Wednesday, 6 March 2013

Guns 'n' Roses Use their Illusion Pt. 1

Guns 'n' Roses have never been a band to do things by halves...well, at least that's been their intention.  They always wanted to be bigger, better and badder than the rest, and for a period they'd achieved that.  When they released their first LP in 1987, "Appetite For Destruction", it sold slowly at first, and then it sold more than any other rock act well into 1988.  Then, they drank more, took more drugs and were more debauched than any other band around at the time.  Pretty soon they were every mother's worst nightmare.

The follow-up to that LP was barely an album.  "G'n'R Lies" was more like a double EP.  It was a reissue of their first (fake) live EP "Live @#$% Like a Suicide" with 4 bonus acoustic tracks.  This was designed as a stop-gap before the real new album was released.

It wasn't much of a stop-gap - the gap blew out to four years, and that was a ridiculous timeframe between albums in the 1990s.  That should have been enough to kill the momentum of their career, but a strange and curious phenomenon least in my sphere of influence.

Two opposing tribes - the Westies, who listened to hard rock and metal and wore jeans and flannel shirts, and the Weeds: the surfies who listened to Midnight Oil and INXS - started to associate more positively for a change.  Once, they'd beat the crap out of each other.  But soon, the weeds were listening to Metallica, Sepultura, Iron Maiden and, of course, Guns n' Roses.  They'd devoured all of the back catalogs of these bands, so when Metallica released their self-titled LP in 1991, it went straight to number one.  It was almost dead certain that this new Gunners record would do the same, in whatever shape it would take.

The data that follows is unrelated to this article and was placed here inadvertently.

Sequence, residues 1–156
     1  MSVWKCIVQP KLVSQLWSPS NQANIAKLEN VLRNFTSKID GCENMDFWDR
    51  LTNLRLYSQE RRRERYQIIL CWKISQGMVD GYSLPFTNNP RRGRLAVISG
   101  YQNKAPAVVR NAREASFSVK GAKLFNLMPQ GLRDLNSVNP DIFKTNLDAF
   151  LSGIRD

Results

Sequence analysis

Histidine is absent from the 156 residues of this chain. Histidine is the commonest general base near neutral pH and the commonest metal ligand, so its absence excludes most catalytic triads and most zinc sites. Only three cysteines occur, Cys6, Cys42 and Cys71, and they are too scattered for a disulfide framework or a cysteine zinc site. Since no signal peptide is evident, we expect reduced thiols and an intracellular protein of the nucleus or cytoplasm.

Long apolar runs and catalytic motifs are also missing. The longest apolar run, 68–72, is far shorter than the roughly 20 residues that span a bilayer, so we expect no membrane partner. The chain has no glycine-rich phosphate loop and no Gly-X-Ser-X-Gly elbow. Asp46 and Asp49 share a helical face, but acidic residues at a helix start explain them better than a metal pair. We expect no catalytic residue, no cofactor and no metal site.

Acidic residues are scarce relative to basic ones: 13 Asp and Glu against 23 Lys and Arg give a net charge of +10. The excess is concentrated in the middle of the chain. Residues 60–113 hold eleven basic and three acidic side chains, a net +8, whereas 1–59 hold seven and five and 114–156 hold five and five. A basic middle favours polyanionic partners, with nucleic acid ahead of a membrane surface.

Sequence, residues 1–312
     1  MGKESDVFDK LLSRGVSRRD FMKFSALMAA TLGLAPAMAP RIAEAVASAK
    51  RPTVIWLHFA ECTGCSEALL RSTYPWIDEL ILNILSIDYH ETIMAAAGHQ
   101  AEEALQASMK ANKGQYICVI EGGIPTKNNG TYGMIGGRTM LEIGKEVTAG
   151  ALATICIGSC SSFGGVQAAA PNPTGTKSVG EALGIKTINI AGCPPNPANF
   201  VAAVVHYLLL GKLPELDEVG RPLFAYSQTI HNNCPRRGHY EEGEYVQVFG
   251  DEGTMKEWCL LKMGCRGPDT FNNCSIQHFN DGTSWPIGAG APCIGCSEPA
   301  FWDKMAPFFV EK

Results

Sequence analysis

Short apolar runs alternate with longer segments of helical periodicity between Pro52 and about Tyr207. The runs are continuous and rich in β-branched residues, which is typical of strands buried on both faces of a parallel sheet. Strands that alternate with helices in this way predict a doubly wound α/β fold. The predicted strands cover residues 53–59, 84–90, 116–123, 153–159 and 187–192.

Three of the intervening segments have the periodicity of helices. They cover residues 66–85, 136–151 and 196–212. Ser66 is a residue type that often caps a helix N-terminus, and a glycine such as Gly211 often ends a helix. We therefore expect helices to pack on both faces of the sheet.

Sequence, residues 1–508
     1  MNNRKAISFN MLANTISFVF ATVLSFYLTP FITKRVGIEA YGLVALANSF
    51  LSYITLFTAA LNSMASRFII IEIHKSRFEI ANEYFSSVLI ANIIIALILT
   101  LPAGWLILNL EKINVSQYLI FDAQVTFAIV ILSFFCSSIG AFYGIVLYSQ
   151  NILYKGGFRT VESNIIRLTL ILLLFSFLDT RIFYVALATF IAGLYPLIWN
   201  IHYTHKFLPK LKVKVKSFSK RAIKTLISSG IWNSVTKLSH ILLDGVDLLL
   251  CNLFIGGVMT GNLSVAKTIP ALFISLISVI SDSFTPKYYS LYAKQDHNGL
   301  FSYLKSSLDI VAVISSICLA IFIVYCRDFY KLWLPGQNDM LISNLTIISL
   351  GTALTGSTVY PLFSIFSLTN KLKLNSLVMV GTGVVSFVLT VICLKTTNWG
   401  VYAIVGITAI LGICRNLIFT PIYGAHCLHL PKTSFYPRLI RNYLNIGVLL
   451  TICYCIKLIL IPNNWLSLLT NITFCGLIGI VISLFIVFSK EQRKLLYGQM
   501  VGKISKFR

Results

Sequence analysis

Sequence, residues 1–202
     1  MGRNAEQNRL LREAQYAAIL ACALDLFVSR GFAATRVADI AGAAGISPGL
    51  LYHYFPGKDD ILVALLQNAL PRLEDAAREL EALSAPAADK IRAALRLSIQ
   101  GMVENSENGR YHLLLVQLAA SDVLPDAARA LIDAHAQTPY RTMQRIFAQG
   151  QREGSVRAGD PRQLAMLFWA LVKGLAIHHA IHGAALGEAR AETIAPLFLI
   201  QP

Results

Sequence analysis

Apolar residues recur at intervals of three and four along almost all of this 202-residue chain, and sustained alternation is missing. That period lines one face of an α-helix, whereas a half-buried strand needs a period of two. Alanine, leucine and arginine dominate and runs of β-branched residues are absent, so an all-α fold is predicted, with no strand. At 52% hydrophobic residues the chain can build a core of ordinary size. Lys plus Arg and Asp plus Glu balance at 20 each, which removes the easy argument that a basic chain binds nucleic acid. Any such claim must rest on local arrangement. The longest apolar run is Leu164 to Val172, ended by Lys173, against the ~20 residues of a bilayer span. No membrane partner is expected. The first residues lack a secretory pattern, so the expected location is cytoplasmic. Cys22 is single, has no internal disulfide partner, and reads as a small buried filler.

And no one really knew what to expect.  There were little bits of information being leaked to the press as to what was happening, but no release date.  There were stories of 12 minute ballads called "November Rain", experiments with Sitars and Banjos, 8-minute epic anti-war songs, as well as talk of a Bob Dylan cover version.  It was even suggested it may be a double album!

To add fuel to the fire, they released their version of Dylan's "Knockin' On Heaven's Door" in 1990, on the "Days of Thunder" soundtrack.  They issued another song, launched simultaneously with the film it was featured in: Terminator 2: Judgement Day.  The song was released as a single ahead of the album: "You Could Be Mine" backed with "Civil War", the aforementioned anti-war epic.

In September 1991, the new Gunner's record finally landed...

...To be continued.

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